Summary: In this reading, we consider how to make your recursive procedures run more quickly by taking advantage of a program design strategy called tail recursion.
Consider the following recursive functions.
;;; STANDARD POSTCONDITIONS: ;;; Unless specified otherwise, procedures ;;; (1) do not modify their parameters ;;; (2) do not read any input ;;; (3) do not write any output ;;; Procedure: ;;; member? ;;; Parameters: ;;; val, a value ;;; values, a list of values ;;; Purpose: ;;; Determines if val is in values. ;;; Produces: ;;; mem?, a boolean value ;;; Preconditions: ;;; The parameters have the appropriate types. ;;; Postconditions: ;;; mem? is #t if there exists an element of values that ;;; is equal to val. ;;; mem? is #f otherwise. (define member? (lambda (val values) (and (not (null? values)) (or (equal? val (car values)) (member? val (cdr values)))))) ;;; Procedure: ;;; factorial ;;; Parameters: ;;; n, a non-negative integer ;;; Purpose: ;;; Computes n! = 1*2*3*...*n ;;; Produces: ;;; result, a positive integer ;;; Preconditions: ;;; n is a non-negative integer [unchecked] ;;; Postconditions: ;;; result = 1*2*3*...*n (define factorial (lambda (n) (if (<= n 0) 1 (* n (factorial (- n 1)))))) ;;; Procedure: ;;; add-to-all ;;; Parameters: ;;; value, a number ;;; values, a list of numbers ;;; Purpose: ;;; Creates a new list by adding value to each member of values. ;;; Produces: ;;; newlist, a list of numbers ;;; Preconditiosn: ;;; value is a number [Unverified] ;;; values is a list of numbers [Unverified] ;;; Postconditions: ;;; (list-ref new-values i) equals (+ value (list-ref values i)) ;;; for all reasonable values of i. (define add-to-all (lambda (value values) (if (null? values) null (cons (+ value (car values)) (add-to-all value (cdr values))))))
In writing recursive procedures and looking and these procedures, you
may have noticed that there are two general strategies for dealing
with the result of the recursive call: (1) you can just return the
result; or (2) you can do something with the result. For example, the
member? procedure just returns the result of the recursive
call and the
do something with the result (multiply the result by something and cons
something to the result, respectively).
If you think about how you might simulate these by hand, you'll notice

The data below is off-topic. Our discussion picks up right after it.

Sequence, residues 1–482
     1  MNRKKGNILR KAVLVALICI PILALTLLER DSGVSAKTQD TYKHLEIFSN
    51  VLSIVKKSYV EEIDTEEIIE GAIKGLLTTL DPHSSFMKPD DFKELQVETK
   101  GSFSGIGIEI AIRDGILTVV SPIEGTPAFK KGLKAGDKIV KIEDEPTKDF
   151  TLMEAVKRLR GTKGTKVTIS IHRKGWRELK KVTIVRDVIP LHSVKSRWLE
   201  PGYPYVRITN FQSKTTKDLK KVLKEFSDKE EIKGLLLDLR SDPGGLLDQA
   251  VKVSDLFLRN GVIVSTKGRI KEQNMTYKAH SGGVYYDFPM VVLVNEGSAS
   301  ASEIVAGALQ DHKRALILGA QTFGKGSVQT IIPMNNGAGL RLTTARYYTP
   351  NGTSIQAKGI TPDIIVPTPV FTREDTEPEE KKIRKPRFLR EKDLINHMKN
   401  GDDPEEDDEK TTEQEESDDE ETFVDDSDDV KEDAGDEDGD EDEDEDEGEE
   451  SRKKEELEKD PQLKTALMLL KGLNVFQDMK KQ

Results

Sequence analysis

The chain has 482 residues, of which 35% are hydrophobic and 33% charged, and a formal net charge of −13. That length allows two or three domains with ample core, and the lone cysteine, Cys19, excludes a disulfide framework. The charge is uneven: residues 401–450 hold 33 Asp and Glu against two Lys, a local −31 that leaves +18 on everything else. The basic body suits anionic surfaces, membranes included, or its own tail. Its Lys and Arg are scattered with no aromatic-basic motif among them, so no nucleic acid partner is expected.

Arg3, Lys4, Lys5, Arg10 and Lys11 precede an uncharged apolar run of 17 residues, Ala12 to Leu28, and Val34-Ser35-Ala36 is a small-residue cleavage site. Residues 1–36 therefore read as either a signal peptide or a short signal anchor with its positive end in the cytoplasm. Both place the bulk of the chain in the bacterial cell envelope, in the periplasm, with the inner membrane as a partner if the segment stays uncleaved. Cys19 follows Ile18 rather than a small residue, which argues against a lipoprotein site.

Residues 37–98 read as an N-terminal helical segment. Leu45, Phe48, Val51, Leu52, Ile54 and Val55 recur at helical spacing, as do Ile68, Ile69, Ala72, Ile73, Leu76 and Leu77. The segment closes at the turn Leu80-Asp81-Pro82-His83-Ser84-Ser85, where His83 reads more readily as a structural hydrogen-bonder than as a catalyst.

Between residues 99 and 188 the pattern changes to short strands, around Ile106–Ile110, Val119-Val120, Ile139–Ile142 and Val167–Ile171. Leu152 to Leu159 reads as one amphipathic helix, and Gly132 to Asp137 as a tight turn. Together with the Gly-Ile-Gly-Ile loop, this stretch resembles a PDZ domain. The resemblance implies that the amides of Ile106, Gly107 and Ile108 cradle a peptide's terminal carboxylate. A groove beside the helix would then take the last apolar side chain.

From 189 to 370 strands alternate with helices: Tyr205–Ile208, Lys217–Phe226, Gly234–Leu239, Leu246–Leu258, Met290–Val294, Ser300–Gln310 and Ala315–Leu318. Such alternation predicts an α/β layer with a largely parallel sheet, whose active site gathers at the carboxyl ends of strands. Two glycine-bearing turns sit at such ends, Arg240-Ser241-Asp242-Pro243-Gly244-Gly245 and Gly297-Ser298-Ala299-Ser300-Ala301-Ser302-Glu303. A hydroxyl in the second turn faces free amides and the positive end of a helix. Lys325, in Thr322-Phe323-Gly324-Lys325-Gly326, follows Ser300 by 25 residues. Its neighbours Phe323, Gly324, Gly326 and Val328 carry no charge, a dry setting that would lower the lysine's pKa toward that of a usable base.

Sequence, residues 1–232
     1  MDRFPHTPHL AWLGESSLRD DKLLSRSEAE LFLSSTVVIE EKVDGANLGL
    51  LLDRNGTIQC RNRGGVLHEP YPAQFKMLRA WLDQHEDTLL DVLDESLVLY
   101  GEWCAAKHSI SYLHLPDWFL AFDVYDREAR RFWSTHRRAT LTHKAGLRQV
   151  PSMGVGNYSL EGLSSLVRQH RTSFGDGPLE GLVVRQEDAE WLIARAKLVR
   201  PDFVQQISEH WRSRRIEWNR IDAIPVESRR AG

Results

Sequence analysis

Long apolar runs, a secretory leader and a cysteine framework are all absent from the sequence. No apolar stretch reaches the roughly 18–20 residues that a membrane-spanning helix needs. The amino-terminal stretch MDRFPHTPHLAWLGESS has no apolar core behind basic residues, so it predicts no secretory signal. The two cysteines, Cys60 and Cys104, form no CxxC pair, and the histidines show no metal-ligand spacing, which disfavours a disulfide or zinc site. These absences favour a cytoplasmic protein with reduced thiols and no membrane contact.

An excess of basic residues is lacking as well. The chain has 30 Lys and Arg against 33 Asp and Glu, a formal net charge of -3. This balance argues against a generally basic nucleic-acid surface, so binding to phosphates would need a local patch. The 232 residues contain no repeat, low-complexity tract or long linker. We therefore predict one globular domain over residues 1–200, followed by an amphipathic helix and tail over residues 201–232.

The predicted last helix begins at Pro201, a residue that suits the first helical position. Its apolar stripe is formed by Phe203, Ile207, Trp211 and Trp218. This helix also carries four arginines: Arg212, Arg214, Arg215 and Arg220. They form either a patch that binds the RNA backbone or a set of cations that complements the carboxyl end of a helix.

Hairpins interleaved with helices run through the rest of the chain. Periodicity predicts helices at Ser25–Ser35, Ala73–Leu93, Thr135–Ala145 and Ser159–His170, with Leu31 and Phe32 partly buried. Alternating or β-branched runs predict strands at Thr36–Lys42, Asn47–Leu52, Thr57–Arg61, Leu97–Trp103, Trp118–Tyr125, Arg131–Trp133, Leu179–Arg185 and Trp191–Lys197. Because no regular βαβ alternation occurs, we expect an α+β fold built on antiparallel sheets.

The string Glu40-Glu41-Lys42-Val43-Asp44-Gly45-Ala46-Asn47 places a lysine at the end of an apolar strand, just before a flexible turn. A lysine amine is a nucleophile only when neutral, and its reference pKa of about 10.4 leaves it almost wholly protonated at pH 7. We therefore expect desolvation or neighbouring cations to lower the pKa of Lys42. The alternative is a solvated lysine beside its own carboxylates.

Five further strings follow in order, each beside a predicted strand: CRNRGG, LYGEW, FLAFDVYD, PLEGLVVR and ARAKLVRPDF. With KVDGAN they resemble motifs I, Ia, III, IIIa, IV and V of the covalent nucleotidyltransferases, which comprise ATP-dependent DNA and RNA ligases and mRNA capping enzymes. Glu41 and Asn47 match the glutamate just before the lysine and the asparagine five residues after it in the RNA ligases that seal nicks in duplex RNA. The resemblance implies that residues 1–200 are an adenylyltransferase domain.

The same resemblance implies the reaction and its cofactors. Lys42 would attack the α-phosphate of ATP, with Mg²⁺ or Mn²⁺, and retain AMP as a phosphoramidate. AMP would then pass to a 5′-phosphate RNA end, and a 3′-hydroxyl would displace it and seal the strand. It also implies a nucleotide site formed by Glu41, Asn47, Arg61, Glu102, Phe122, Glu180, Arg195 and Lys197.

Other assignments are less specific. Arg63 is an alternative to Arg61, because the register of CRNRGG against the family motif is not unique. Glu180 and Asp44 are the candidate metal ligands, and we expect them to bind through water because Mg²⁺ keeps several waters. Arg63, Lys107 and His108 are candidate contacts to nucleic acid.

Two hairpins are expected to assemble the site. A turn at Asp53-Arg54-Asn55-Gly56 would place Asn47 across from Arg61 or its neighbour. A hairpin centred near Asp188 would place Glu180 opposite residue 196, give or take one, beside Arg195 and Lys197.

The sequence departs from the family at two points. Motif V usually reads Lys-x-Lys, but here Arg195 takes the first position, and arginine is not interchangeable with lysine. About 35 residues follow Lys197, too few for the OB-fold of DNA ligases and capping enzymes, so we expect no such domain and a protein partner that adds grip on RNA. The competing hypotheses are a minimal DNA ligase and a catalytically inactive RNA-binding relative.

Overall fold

that it's harder to deal with the second type of procedures because you
have to spend extra effort remembering
the stuff left to do after
the recursive call is done.
For example, here are the steps in some calls to
and a call to
(member? 4 (list 1 2 3 4 5)) => (member? 4 (list 2 3 4 5)) => (member? 4 (list 3 4 5)) => (member? 4 (list 4 5)) => #t (member 6 (list 1 2 3 4 5)) => (member? 6 (list 2 3 4 5)) => (member? 6 (list 3 4 5)) => (member? 6 (list 4 5)) => (member? 6 (list 5)) => (member? 6 ()) => #f (factorial 5) => (* 5 (factorial 4)) => (* 5 (* 4 (factorial 3))) => (* 5 (* 4 (* 3 (factorial 2)))) => (* 5 (* 4 (* 3 (* 2 (factorial 1))))) => (* 5 (* 4 (* 3 (* 2 (* 1 (factorial 0)))))) => (* 5 (* 4 (* 3 (* 2 (* 1 1))))) => (* 5 (* 4 (* 3 (* 2 1)))) => (* 5 (* 4 (* 3 2))) => (* 5 (* 4 6)) => (* 5 24) => 120
Note that the recursive calls to
member shrink towards a result
while the recursive calls to
factorial build up a lot of
unresolved multiplication that must be done when we reach the base case.
In previous labs, we've seen several examples illustrating the idea of separating the recursive kernel of a procedure from a husk that performs the initial call. Sometimes we've used a husk and kernel in order to avoid redundant precondition tests, or to prevent the user from bypassing the precondition tests. In other cases, we saw that the recursion can be written more naturally if the recursive procedure has an additional argument, not supplied by the original caller.
We can use husk-and-kernel techniques to make some non-tail-recursive procedures tail recursive.
(define factorial (lambda (n) ; Define a kernel that "accumulates" the previous multiplications ; as a second parameter. Now we're computing n*(n-1)*...*(m+1)*m! (letrec ((kernel (lambda (m acc) ; If we've run out of values, return what we've ; accumulated. (if (<= m 0) acc ; Otherwise, multiply the current accumulated ; product by m and continue with the ; remaining values. (kernel (- m 1) (* acc m)))))) (kernel n 1))))
If we want to use named let, we can be even more concise.
(define factorial (lambda (n) (let kernel ((m n) (acc 1)) (if (<= m 0) acc (kernel (- m 1) (* acc m))))))
There is an important reason for adopting tail recursion, and it has to do with efficiency. An implementation of Scheme is required to perform tail-call elimination -- to implement procedure calls in such a way that, if the last step in procedure A is a call to procedure B (so that A will simply return to its caller whatever value is returned by B), the memory resources supporting the call to A can be freed and recycled as soon as the call to B has been started. To make this possible, the implementer arranges for B to return its value directly to A's caller, bypassing A entirely. In particular, this technique is required to work when A and B are the same procedure, invoking itself recursively (in which case the recursion is called tail recursion), and even if there are a number of recursive calls, each of which will return to its predecessor the value returned by its successor. In the implementation, each of the intermediate calls vanishes as soon as its successor is launched.
However, this clever technique, which speeds up procedure calling and
sometimes enables Scheme to use memory very efficiently, is guaranteed to
work only if the procedure call is the last step. For instance,
tail-call elimination cannot be used in the
sum procedure as
we defined it in an earlier lab:
(define sum (lambda (ls) (if (null? ls) 0 (+ (car ls) (sum (cdr ls))))))
The recursive call in this case is not a tail call, since, after it returns its value, the first number on the list still has to be added to that value. You can see the problem as we look at the steps involved in summing a short list.